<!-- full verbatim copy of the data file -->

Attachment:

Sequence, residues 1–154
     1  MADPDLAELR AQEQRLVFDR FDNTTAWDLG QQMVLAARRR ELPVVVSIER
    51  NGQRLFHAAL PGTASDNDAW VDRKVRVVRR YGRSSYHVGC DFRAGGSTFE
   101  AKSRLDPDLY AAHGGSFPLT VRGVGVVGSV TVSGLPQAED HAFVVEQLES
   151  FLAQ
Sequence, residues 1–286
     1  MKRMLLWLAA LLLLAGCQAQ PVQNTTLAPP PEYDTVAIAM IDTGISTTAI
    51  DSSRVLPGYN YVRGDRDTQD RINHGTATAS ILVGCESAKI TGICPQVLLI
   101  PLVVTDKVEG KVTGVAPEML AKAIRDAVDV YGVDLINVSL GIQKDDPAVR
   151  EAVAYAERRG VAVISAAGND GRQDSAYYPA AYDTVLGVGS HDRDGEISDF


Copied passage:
Sequence, residues 1–154
     1  MADPDLAELR AQEQRLVFDR FDNTTAWDLG QQMVLAARRR ELPVVVSIER
    51  NGQRLFHAAL PGTASDNDAW VDRKVRVVRR YGRSSYHVGC DFRAGGSTFE
   101  AKSRLDPDLY AAHGGSFPLT VRGVGVVGSV TVSGLPQAED HAFVVEQLES
   151  FLAQ
Sequence, residues 1–286
     1  MKRMLLWLAA LLLLAGCQAQ PVQNTTLAPP PEYDTVAIAM IDTGISTTAI
    51  DSSRVLPGYN YVRGDRDTQD RINHGTATAS ILVGCESAKI TGICPQVLLI
   101  PLVVTDKVEG KVTGVAPEML AKAIRDAVDV YGVDLINVSL GIQKDDPAVR
   151  EAVAYAERRG VAVISAAGND GRQDSAYYPA AYDTVLGVGS HDRDGEISDF